a walk through the shadows

as I sit here in my normal morning perch at the Coffee Planet in Ballston Spa, NY, my head is still spinning. The last 10 days of my life have been trying, draining, and flat out exhausting. My wonderful wife and I, most unfortunately, endured a heartbreaking miscarriage. There really isn't anything in life that adequately prepares you for those types of moments, is there? No training, no great life lessons, no past experience that qualifies you to survive that emotional kick to the gut. The pain and grief and shattered dreams are almost as overwhelming as the physical toll it is taking on my wife.

And so, rather abruptly and without warning or consent, our journey took quite an unexpected turn - today, instead of walking a bright and cheery path laden with joy and excitement about a new addition to our family, we find ourselves taking an altogether different portion of this trail to glory - winding ever so ominously through a valley so deep and dark you begin to wonder when, if ever, you'll see the sun again and, at times, if you'll be able to muster up the strength to crawl out of this one. To be sure, life is a wonderful collection of great mountaintop experiences and joys, but every glorious, breathtaking, and cherished summit is acquired the hard way - with long, grueling, and taxing climbs to the top. There are no shortcuts here. The past 10 days, for our family, have not been the kinds of days you want to capture and frame and post for guests to see. No tired but happy faces on a mountaintop; no aura of fatigued satisfaction; no joy providing the backdrop for the discomfort and sweat. This is not that type of "overlook" in our story. However, by grace and in faith I believe that these past 10 days (and the subsequent times to follow) will be the ones that I look back on in my personal recollections as profoundly foundational for me and my walk with our Lord. As the darkness has felt overwhelming and the distress has been crippling, the Light of Christ has provided for me and our family a grounding and tethering and stabilizing force in all of this.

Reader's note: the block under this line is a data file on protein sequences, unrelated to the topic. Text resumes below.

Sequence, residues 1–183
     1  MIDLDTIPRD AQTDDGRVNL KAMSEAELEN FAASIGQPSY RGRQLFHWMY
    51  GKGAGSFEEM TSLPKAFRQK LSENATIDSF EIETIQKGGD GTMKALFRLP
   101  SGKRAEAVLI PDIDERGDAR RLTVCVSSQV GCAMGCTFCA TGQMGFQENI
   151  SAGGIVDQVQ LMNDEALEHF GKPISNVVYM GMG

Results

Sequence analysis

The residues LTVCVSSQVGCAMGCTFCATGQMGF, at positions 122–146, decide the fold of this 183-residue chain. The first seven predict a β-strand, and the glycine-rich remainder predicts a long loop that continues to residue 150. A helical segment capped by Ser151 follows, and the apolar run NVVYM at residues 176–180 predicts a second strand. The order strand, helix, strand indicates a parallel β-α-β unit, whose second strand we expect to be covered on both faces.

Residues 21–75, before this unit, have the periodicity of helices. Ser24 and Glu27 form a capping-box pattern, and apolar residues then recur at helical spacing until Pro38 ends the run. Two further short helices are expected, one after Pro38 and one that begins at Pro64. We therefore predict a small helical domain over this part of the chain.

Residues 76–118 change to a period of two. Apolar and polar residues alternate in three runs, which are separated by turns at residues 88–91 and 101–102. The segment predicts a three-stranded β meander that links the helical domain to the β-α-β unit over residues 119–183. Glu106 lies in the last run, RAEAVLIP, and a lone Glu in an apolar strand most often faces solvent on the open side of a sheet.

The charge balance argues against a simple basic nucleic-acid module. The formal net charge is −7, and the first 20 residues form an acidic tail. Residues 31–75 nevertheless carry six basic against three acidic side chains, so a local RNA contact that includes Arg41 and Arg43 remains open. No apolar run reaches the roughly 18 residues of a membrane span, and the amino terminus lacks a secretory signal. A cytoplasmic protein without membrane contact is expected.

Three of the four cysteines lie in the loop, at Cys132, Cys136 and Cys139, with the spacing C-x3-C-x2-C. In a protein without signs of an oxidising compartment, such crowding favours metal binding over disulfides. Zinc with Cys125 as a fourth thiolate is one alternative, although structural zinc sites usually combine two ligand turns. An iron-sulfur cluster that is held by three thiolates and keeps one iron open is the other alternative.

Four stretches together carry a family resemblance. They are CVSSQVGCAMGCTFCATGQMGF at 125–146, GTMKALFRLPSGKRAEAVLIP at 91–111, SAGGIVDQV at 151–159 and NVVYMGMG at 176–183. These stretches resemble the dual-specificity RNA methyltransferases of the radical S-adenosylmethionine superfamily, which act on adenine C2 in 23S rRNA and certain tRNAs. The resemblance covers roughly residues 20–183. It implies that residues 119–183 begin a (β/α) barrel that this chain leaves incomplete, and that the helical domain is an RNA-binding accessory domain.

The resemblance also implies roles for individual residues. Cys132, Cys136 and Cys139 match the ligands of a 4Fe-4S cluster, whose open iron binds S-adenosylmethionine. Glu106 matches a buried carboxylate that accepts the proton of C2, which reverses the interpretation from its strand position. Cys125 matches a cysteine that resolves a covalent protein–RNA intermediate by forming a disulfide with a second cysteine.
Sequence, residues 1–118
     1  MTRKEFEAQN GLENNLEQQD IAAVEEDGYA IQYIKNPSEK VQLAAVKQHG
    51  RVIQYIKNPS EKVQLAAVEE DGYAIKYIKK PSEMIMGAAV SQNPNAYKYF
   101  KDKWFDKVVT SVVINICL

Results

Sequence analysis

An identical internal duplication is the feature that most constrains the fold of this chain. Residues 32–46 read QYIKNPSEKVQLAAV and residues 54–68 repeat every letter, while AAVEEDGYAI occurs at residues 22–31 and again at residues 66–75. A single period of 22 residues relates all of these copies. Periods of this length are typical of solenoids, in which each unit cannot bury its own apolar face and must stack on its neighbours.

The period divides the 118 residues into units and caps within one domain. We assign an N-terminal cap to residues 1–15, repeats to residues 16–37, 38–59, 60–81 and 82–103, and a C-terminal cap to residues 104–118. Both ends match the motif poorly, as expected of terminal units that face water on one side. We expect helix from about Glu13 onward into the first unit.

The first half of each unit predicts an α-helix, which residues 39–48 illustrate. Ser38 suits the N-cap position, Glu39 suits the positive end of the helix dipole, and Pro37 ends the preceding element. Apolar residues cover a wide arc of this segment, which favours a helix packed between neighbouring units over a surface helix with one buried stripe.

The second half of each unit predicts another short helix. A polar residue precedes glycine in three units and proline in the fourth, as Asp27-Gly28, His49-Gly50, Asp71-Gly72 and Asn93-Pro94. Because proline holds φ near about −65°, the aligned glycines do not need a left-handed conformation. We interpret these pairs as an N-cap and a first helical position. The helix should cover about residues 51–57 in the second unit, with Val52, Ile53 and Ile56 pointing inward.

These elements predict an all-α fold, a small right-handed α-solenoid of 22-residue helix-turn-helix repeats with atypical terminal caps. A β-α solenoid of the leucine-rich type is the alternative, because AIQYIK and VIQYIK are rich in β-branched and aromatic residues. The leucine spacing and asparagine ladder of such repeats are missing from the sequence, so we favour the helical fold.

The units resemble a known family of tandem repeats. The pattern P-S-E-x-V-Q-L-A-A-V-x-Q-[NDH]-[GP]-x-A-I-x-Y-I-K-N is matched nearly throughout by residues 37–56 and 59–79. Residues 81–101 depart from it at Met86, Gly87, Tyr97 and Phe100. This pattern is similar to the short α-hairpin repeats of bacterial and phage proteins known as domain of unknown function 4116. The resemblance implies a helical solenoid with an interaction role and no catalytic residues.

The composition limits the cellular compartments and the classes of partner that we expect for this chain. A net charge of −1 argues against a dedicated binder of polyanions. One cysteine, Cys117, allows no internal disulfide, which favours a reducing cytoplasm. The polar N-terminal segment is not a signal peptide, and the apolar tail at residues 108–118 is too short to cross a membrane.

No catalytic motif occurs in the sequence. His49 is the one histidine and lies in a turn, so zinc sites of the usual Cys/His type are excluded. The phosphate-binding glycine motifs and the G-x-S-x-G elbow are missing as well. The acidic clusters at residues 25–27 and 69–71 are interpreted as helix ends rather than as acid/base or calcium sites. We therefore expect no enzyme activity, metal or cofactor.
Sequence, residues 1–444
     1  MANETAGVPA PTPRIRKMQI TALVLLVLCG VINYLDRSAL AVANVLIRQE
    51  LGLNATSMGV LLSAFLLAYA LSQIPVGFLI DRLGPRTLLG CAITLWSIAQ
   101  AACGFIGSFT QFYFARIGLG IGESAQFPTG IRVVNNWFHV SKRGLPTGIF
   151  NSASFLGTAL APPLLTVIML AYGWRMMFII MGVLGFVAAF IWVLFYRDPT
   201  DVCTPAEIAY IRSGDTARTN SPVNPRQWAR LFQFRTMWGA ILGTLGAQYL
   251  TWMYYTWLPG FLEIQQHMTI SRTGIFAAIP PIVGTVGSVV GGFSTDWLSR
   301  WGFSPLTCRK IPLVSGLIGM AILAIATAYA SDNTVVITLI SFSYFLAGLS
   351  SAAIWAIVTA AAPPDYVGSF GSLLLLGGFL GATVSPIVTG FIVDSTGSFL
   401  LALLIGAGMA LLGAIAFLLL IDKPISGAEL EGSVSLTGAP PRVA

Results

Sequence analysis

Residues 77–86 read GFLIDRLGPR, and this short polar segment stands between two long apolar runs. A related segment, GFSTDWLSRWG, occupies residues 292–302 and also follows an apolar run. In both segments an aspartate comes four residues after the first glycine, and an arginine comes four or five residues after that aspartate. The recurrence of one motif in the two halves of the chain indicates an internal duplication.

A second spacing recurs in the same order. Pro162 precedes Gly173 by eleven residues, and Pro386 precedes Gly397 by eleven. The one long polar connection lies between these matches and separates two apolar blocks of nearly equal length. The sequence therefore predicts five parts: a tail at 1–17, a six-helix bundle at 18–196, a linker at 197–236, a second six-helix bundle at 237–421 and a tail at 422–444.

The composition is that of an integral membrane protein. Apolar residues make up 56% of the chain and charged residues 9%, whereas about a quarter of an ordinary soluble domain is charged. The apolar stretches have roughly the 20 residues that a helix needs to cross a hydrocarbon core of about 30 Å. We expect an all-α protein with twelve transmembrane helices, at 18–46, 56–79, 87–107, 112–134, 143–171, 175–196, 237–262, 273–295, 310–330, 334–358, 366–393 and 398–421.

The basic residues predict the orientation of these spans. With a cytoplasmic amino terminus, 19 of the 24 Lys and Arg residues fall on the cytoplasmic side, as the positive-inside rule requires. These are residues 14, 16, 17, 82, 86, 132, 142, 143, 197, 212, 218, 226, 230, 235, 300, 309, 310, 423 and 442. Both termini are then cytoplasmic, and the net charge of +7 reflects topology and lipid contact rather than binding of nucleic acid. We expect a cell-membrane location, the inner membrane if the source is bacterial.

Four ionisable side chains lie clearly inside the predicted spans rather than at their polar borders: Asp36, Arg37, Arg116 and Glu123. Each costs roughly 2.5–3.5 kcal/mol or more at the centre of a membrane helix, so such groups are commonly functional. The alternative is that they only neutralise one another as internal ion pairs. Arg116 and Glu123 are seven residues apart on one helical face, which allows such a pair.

I heard a friend of mine tell me in a great moment of weakness something that I've found myself uttering these past days: "I really do believe my theology." Maybe the Apostle Paul said it a bit better: "I know whom I have believed and am persuaded that He is able to keep that which I've committed unto Him against that day." What does that mean to the sufferer and downtrodden? Quite simply, my faith, far from the crutch that many critics would see, has been for me an anchor holding my soul fast through this present storm. My confidence in the finished work of Jesus on His Cross has been a buttress for me as I have needed it. I believe that our great God, who loves me with an everlasting love, would allow only what I can handle and what ultimately works together for good for those who love Him because He told me so. I believe that, far from punishment, this is to be seen as a gift of grace directly from His hand - however "ungracious" it appears to me in the present moment. I believe that, as Romans tells us, that the present sufferings of this broken world can't be compared with the glory that God will reveal in us and to us. I believe that grace and strength from Christ are found most in my moments of weakness. And I believe, from the Scriptures and from experience, that this walk through the shadows will soon lead me into a clearing - bright and beautiful, alongside a stream quiet and still, where times of restoration and refreshing will come. So, with expectant hearts, we press on in grief and sorrow and hope and faith, trusting that our Guide is an able one; that He too is acquainted with grief and tears; that He too has walked a road of great loss; and that, most importantly, He knows the way out of the shadows because He's been this way before.